Six Nations 2015: Italy need luck to defeat Scotland in Edinburgh

Our resident Italian runs the rule over the Azzurri ahead of their visit to BT Murrayfield on Saturday with plenty on the line

By Matteo Mangiarotti

Scotland host Italy at BT Murrayfield on Saturday afternoon and despite all the progress shown by the hosts, it will be another playoff to avoid the RBS 6 Nations’s wooden spoon.

All roads lead to Edinburgh for Jacques Brunel’s Italy as they depart Rome on Thursday for the first of three scheduled matches against the Scots this year, arriving in the Scottish capital via London for their must-win contest with Vern Cotter’s side, which has impressed but failed to deliver a win from the opening two rounds.

Italy have much more to lose on Saturday, because if the Azzurri do not win, and Georgia defeat Spain in Madrid, they will slip further down the World Rugby rankings.

The same can be said to a lesser extent for the Azzurri after two bittersweet matches against Ireland and England, when they showed that they are capable of scoring tries and putting opponents under pressure, but a lack of composure and consistency in the execution has proved costly in both defeats to the championship’s front runners.

Italy have much more to lose on Saturday than a single game of rugby, because if the Azzurri do not win, and Georgia defeat Spain in Madrid, they will slip further down the World Rugby rankings to 15th.

So, what should be the team that Brunel will choose for wooden-spoon decider at BT Murrayfield?

As the pack has always been one of the strengths of the Italian national team, changes will be kept to a minimum and determined by injuries to key personnel.

Veteran tighthead prop Martin Castrogiovanni’s dog incident has seen him ruled out after requiring 14 stitches to his nose.

Brunel has called up Lorenzo Cittadini from Wasps, and he should go straight into the starting XV to pack down alongside Albetro de Marchi and Leonardo Ghiraldini, who should easily retain they places.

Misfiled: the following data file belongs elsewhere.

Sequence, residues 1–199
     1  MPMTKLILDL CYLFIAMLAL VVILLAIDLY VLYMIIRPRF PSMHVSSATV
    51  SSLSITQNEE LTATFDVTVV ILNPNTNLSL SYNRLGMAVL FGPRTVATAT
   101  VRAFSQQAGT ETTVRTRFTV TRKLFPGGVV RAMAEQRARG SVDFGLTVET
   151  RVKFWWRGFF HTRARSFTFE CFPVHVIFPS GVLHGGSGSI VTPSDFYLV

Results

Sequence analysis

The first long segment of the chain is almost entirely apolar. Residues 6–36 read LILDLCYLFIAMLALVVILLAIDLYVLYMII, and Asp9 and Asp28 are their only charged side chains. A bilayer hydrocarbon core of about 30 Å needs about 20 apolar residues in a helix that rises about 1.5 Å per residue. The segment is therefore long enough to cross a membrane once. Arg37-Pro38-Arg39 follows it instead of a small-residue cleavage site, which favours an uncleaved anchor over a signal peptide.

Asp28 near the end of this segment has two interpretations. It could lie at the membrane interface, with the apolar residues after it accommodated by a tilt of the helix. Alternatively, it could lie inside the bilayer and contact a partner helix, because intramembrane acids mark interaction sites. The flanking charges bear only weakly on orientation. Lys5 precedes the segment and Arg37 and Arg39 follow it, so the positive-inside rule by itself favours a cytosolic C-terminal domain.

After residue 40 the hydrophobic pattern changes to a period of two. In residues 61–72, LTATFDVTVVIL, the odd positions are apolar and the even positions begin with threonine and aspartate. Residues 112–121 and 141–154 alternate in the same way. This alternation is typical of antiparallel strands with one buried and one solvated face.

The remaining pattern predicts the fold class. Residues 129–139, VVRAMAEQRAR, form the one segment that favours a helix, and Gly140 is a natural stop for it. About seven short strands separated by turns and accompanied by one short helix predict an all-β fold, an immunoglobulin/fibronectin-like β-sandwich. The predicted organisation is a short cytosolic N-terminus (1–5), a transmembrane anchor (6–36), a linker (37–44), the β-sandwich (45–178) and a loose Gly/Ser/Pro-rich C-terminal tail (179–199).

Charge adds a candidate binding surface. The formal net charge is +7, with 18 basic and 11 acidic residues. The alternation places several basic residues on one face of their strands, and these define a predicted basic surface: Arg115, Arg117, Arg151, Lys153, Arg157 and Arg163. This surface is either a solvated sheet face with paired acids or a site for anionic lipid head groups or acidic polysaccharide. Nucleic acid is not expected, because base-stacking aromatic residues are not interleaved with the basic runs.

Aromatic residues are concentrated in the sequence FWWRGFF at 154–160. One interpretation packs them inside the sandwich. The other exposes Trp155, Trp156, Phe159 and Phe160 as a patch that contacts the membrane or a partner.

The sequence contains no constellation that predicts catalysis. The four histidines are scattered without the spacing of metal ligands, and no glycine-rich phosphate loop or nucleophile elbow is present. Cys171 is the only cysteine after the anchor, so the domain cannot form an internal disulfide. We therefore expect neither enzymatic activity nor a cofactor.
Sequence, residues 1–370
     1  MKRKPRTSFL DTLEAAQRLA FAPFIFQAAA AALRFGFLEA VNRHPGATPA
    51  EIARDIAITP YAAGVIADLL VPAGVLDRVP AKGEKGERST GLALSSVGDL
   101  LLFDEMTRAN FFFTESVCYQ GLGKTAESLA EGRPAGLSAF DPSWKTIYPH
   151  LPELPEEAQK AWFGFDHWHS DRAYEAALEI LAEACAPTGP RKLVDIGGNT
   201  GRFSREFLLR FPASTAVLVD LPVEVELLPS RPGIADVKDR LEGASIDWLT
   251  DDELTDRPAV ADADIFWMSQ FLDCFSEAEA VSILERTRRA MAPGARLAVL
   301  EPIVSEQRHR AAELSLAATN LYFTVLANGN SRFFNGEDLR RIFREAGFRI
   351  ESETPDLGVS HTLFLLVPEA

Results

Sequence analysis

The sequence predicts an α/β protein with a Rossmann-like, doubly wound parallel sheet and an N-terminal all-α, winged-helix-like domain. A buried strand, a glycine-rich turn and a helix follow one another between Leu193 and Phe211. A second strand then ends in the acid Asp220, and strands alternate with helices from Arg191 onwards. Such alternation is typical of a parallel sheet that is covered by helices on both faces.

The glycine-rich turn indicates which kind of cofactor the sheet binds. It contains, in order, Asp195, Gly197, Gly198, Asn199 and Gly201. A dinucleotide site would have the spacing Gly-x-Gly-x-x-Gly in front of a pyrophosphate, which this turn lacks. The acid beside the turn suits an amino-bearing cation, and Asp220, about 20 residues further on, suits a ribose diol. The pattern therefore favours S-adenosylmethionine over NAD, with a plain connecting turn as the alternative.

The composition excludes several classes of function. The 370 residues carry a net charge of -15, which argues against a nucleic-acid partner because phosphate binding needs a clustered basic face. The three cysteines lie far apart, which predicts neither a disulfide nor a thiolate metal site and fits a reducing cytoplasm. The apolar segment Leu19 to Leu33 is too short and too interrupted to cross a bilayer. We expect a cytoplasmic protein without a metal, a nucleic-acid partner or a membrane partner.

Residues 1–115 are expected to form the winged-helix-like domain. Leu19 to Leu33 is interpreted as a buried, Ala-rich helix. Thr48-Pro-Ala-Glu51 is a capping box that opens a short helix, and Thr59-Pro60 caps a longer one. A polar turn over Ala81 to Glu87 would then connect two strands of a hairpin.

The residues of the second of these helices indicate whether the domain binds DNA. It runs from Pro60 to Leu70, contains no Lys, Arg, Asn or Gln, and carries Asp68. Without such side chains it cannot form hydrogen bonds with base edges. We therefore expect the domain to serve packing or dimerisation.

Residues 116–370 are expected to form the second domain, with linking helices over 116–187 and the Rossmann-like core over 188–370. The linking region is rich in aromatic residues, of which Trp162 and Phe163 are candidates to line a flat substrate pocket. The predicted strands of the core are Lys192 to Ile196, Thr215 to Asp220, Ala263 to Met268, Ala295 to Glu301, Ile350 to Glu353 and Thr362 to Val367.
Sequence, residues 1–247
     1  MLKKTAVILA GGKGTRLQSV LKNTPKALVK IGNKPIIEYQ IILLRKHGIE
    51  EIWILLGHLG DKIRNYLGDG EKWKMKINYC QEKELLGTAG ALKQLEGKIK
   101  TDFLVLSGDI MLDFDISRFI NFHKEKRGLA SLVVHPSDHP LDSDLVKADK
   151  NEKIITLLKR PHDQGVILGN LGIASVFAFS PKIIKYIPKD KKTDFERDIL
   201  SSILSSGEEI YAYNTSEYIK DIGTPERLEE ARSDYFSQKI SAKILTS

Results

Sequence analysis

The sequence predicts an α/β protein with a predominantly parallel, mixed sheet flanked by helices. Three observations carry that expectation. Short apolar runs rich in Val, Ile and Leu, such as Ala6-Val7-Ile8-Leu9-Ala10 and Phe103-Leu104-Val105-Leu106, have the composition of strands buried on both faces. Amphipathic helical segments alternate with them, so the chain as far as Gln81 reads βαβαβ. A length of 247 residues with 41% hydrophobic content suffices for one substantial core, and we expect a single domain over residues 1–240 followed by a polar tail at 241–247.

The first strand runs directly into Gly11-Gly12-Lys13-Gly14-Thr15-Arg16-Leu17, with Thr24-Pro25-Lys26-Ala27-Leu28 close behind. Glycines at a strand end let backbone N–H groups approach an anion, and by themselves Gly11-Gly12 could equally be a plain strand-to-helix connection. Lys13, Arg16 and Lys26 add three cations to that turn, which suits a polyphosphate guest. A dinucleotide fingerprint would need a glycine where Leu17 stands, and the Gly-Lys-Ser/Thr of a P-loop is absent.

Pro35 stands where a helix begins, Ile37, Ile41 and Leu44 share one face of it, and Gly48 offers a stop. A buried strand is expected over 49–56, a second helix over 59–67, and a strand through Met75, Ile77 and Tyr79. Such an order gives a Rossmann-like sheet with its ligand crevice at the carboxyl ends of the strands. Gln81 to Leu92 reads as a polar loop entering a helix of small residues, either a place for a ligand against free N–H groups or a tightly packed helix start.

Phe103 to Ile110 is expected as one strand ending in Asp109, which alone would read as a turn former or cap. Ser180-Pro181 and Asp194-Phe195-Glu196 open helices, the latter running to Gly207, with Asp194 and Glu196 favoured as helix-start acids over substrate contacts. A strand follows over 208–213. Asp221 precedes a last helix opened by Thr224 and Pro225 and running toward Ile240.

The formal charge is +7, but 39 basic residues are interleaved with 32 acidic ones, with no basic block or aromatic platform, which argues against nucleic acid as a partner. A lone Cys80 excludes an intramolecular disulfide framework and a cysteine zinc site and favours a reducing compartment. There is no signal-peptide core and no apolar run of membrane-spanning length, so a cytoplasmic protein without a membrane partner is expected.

As for the second row, experienced Zebre lock Marco Bortolami is a doubt due to a problem to his right leg, with Benetton Treviso captain Antonio Pavanello called up as cover, but Newcastle Falcons’ Joshua Furno and Ayrshire-born George Biagi should occupy the engine room.

In the back row, captain and talisman Sergio Parisse is a certainty to continue at number eight, and there could be place for Marco Barbini, Treviso’s “baby lion” who played a great part in the 40-27 rout of Cardiff Blues on Friday, and the Glasgow-bound Simone Favaro.

Mauro Bergamasco, however, is likely to start at blindside, considering his good performance against England at Twickenham and his considerable experience.

While the forwards are easy enough to predict, the backs make for less than happy reading as injuries continue to blight Italy’s campaign.

Versatile back Andrea Masi, who played in the second half in Wasps’ 23-23 draw with Newcastle Falcons, left the pitch on a stretcher and has been ruled out, leaving a gate – not just a door – wide open to allow Brunel to move Zebre’s New Zealand-born versatile back Kelly Haimona to centre.

Italy must face this game with the same willing shown in their last two outings in this year’s campaign, and learn from their mistakes.